8. A golf club head and hosel construction as in claim 7, in which the hosel has an opening for receiving an end portion of a club shaft therein, an internal end of said hosel opening including a shoulder maintaining all parts of the shaft beyond the portion of reduced bending movement characteristic.
Turning now to the drawings and particularly FIG. 1 there is depicted in elevational view a head 10 of a golf club looking directly into the striking face 12 thereof. More particularly, the head 10 is that of a so-called metal-wood club which is constructed entirely of metal. A shaft 14 has one end which is angularly interconnected to the club head 10 via a so-called hosel 16 and at its outer end a conventional hand gripping portion (not shown) for swinging the club while playing the game of golf. The hosel is a generally tubular metal member having a slight longitudinal taper which is unitary with the metal shell defining the head 10 and made of the same metal. The bore 18 of the hosel is dimensioned to fittingly receive the shaft 14 therein and to which the shaft is tightly secured in any of a number of conventional ways.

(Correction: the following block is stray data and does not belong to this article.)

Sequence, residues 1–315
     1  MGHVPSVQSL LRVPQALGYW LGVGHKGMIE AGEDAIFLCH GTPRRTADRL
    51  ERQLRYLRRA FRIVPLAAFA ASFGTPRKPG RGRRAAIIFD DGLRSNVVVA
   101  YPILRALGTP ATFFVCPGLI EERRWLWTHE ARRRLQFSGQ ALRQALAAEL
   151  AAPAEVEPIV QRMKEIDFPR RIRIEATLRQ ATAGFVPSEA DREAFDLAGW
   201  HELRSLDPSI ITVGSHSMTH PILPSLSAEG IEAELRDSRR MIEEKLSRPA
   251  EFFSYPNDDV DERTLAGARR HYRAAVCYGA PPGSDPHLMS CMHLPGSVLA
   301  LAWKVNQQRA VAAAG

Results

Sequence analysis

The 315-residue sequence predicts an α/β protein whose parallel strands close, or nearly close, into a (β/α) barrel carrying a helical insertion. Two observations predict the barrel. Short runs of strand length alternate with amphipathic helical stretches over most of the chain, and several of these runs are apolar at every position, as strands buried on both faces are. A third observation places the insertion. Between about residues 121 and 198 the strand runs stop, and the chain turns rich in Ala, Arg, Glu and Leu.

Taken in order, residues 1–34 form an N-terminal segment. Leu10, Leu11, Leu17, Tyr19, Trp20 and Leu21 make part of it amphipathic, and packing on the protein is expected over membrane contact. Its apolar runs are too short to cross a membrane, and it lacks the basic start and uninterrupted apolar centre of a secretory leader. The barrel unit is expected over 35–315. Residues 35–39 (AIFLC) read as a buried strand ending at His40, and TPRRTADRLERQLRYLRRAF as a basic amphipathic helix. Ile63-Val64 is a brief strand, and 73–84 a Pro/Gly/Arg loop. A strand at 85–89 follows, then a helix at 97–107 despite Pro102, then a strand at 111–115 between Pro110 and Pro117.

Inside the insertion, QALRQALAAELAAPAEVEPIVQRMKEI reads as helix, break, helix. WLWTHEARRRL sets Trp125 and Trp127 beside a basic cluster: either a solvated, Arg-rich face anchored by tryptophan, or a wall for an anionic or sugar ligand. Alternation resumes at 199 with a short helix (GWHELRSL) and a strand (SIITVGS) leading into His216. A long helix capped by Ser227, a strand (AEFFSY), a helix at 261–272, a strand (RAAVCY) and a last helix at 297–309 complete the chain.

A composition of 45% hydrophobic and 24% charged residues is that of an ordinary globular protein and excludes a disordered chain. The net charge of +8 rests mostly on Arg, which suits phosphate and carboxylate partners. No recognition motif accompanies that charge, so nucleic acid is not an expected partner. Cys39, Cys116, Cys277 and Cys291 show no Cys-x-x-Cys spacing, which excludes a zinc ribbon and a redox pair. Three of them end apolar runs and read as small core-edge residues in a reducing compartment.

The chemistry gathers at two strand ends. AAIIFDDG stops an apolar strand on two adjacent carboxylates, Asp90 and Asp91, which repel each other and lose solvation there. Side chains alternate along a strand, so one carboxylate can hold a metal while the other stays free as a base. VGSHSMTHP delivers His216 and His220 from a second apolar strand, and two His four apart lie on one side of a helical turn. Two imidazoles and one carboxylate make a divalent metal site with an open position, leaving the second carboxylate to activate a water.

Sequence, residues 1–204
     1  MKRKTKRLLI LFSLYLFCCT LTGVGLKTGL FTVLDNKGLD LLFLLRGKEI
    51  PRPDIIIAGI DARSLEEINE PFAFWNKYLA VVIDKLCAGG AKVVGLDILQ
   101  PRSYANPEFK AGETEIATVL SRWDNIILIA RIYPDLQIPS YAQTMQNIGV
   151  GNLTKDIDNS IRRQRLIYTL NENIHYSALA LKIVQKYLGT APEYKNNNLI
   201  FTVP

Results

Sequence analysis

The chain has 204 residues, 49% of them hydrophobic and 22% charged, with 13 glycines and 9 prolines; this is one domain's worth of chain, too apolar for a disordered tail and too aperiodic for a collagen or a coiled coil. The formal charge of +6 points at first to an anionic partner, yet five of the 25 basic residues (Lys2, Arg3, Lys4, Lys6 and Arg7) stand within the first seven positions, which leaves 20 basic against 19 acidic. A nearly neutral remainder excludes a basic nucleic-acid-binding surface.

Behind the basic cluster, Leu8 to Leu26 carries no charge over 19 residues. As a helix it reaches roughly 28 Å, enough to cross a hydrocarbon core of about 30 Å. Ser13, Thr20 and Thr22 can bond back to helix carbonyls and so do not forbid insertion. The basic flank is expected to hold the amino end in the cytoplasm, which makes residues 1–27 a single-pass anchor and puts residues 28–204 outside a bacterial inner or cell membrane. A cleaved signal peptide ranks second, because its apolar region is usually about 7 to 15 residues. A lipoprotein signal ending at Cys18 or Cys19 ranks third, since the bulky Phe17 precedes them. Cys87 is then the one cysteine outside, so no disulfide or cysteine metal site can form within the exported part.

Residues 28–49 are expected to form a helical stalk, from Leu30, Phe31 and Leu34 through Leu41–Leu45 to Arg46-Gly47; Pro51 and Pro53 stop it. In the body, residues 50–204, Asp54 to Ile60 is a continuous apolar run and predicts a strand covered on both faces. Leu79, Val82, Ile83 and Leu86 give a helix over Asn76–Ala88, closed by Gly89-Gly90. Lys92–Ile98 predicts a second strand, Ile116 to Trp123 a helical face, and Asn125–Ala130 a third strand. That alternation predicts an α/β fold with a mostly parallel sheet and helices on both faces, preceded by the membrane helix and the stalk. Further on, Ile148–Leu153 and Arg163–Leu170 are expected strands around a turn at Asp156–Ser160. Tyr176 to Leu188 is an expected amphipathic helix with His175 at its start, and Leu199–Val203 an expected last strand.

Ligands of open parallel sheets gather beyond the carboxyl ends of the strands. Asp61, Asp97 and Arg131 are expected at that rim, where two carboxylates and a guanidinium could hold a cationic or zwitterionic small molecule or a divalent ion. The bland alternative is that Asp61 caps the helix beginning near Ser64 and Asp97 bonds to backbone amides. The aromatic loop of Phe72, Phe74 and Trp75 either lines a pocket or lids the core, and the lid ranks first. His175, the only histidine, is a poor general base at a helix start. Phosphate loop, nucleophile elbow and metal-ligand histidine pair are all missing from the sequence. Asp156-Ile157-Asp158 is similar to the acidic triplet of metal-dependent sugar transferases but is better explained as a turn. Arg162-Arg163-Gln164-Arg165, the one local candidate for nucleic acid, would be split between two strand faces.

In the solid line depiction, the club head 10 is shown resting on a ground plane 20 in preferred use orientation such that the various lines 22 typically existing on the club face 12 are generally parallel to the ground plane. At this time, and assuming that the player has otherwise properly taken a stance for correctly swinging the golf club, there is established a particular angle α of the shaft with respect to the ground plane and thus to the golf club head 10. This angular relationship of the head and shaft varies depending upon the length of the particular club and the physical characteristics of the player swinging the club. For example, a relatively short, stocky player will tend to have a smaller angle α as compared to that of a taller player. This, of course, means that in order to maintain the proper lie of the golf club head parallel to the ground surface during use, short and taller players must have clubs of differing lie angles. As has already been referenced, in manufacturing clubs and in order to reduce inventory problem, clubs are only made in a finite number of angular relationships between the shaft and head lower surface and in the past, if the desired lie was not correct in a purchased club, more likely than not the player merely put up with the inconsistency. Also in the past, where it was considered advisable to adjust the lie angle, depending upon the construction of the club, such adjustment could result in undesirable cracking of the hosel or loosening of the shaft.